02:16 - Source: CNN
Hurd slams FISA court abuses: 'Absolutely outrageous'
CNN  — 

Lawmakers left town more than a month ago without renewing sweeping surveillance authorities that national security officials say are central to the country’s defense, the longest period they’ve lapsed since their enactment after the 2001 terrorist attacks.

But plans are now in the works for the Senate to push through a House-passed measure to renew the surveillance authorities over the strenuous objections of civil libertarians worried about trampling over individual rights.

Several Senate sources told CNN that the chamber will take up, as soon as next week, legislation to renew the three expired surveillance provisions in the Foreign Intelligence Surveillance Act, or FISA, and will vote on at least three amendments intended to add checks to the FISA law. A bipartisan Senate majority is expected to reject those amendments – and swiftly send the renewal of the law to President Donald Trump’s desk.

On a private conference call Thursday, Senate Majority Leader Mitch McConnell’s chief of staff, Sharon Soderstrom, told Republican chiefs of staff to be prepared for votes on the FISA legislation, sources said, after the surveillance authorities lapsed on March 15 and the House and Senate left town without an agreement on how to renew them.

Making the bill one of the first to be considered after an extended congressional hiatus amid the coronavirus pandemic also could help rebut Democratic attacks that McConnell is reconvening the Senate amid a public health scare with the sole intention of pushing through Trump’s judicial nominees, GOP sources said.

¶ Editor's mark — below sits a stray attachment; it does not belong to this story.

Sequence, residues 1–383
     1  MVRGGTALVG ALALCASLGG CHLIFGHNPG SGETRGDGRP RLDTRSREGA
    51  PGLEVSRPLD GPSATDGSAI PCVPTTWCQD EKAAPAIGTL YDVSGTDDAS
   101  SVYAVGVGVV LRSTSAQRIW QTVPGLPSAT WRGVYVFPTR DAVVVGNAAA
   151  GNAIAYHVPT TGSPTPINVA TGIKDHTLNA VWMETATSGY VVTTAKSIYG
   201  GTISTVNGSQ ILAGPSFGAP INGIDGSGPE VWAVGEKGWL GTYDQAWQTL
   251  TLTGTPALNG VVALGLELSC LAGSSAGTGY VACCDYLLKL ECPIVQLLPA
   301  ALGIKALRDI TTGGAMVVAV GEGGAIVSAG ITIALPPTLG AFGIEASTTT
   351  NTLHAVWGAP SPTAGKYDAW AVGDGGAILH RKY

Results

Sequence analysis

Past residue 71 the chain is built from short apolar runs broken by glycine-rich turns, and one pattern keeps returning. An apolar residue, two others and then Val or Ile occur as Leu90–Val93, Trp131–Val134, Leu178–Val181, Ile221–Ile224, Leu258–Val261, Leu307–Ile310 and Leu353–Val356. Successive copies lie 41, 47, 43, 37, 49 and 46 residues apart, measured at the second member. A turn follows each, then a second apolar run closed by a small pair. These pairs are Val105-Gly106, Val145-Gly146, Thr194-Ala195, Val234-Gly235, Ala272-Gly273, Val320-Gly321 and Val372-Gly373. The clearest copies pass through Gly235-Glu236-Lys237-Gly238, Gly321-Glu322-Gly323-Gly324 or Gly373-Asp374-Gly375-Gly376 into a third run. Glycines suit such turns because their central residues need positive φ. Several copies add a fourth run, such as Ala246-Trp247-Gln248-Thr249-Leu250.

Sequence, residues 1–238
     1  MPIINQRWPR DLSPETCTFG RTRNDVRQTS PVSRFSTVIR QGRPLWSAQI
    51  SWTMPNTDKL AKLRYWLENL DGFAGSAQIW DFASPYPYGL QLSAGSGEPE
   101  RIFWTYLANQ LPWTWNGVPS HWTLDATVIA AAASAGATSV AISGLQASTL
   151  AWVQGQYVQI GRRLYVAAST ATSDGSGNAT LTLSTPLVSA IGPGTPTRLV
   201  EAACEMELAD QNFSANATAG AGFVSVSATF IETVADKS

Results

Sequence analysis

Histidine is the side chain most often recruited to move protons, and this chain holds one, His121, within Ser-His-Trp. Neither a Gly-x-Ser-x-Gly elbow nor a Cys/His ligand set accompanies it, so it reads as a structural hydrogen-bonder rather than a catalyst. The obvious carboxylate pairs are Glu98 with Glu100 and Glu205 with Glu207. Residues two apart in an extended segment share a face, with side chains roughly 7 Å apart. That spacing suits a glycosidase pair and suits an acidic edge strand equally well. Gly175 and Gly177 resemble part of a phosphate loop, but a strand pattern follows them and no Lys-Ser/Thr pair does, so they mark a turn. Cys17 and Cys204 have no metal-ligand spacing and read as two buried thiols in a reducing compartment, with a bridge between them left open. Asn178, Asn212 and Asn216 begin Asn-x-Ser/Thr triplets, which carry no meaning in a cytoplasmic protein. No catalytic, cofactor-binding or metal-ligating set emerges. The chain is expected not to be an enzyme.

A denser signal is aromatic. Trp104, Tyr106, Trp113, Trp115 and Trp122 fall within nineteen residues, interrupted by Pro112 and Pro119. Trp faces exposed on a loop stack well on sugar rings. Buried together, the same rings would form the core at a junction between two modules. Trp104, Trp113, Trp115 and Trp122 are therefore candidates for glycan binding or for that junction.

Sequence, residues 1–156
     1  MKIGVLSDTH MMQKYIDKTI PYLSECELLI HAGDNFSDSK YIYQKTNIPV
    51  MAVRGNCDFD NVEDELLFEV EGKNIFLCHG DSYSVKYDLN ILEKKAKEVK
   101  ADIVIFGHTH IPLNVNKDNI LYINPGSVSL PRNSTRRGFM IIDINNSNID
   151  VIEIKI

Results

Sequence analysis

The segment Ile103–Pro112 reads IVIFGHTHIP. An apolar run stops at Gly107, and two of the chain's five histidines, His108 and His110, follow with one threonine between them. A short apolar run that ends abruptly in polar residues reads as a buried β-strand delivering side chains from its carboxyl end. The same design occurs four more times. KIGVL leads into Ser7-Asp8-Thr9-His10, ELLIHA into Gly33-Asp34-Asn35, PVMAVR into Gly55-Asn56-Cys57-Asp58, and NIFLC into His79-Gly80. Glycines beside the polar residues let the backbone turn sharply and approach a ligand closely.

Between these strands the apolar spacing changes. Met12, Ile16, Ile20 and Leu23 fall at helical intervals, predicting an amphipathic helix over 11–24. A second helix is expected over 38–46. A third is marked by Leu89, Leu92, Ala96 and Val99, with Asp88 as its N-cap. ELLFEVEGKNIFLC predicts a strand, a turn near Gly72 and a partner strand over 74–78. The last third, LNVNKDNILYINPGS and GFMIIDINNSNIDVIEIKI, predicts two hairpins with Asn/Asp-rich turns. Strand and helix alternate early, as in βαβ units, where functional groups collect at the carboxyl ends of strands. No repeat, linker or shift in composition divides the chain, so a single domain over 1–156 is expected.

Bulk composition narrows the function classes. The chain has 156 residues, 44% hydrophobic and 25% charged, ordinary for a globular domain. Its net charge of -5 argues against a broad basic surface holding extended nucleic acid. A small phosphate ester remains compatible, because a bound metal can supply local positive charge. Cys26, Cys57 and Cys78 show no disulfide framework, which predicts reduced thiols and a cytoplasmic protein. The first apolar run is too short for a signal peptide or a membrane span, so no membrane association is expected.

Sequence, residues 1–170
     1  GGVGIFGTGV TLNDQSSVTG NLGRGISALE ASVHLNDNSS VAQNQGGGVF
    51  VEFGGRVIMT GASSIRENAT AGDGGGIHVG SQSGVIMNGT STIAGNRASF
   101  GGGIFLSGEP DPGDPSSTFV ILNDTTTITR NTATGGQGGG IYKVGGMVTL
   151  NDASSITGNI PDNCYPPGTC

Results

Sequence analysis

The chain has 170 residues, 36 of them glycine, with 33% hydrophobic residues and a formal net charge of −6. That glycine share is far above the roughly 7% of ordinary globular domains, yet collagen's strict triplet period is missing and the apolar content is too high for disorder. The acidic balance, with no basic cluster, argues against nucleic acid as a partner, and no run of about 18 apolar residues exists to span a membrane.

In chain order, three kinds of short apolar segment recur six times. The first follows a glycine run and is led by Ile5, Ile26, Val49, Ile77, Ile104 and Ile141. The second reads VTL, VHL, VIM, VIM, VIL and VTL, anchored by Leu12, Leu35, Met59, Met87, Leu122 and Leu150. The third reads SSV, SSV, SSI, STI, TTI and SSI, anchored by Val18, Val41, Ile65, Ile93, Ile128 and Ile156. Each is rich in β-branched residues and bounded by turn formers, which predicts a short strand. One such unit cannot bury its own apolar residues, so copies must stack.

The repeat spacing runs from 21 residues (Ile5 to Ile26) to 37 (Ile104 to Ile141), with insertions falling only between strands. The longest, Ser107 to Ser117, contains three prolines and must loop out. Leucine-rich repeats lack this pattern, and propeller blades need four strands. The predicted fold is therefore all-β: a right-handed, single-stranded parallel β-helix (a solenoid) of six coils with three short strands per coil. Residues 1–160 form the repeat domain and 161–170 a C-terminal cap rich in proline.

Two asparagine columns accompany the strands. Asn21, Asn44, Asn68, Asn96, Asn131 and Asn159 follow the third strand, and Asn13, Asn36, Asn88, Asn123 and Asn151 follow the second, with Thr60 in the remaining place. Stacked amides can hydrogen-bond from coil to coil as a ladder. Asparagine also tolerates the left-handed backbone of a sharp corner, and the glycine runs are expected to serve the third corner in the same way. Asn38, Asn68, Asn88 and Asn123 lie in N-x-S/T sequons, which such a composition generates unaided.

The House passed a renewal in March striking a bipartisan compromise with Attorney General William Barr, which reauthorized the provisions while adding some civil liberties protections and changes to the FISA court process. Senate leaders tried to swiftly push the House bill through, but two vocal FISA opponents, Republican Sens. Mike Lee of Utah and Rand Paul of Kentucky, threatened to block its passage.

With the Senate eager to leave town quickly amid the coronavirus pandemic, senators struck a deal to pass a 75-day short-term extension, while teeing up votes on the three amendments when the Senate took up a full renewal.

But the House did not take up or vote on the Senate’s short-term extension, leaving the provisions expired.

The three authorities in question are the “business records” provision of Section 215 of the FISA law, which gives the government authority to obtain records, as well as the roving wiretaps and lone wolf provisions of the FISA law.

The provisions also briefly expired in 2015 after Paul filibustered passage of the USA Freedom Act, the law that reformed the 2001 Patriot Act. But that lapse was exponentially shorter compared to the current impasse.

The amendments that McConnell agreed to would put several civil liberties protections in place. One amendment from Lee and Sen. Pat Leahy, a Vermont Democrat, would strengthen the legal rights in the FISA court for targets of warrants. Another amendment from Paul would limit searches that can be conducted on US citizens under the law.

And an amendment from Montana GOP Sen. Steve Daines and Oregon Democratic Sen. Ron Wyden would prevent the government from being able to obtain internet browser history under the FISA law.

The Senate will be debating the House’s renewal bill that passed in March. If the Senate adopts any of the amendments, however, the House would have to vote again on the new version of the legislation.

The House-passed bill was the result of a bipartisan agreement reached between House leaders and Barr, including some of the lawmakers who fiercely fought over the FBI’s handling of the Russia investigation.

The agreement included some civil liberties protections, including preventing the government from obtaining GPS or cell site location data under Section 215 of the FISA law. By privacy advocates – and some lawmakers in both chambers – said the provisions did not go far enough.

While the expired authorities don’t deal directly with the FISA court, the House’s agreement included several Republican-demanded changes to the FISA warrant process.

The bill requires the attorney general to sign off on FISA applications dealing with elected officials and federal candidates, lets independent monitors review FISA application and gives the Intelligence Committee more access to FISA application materials.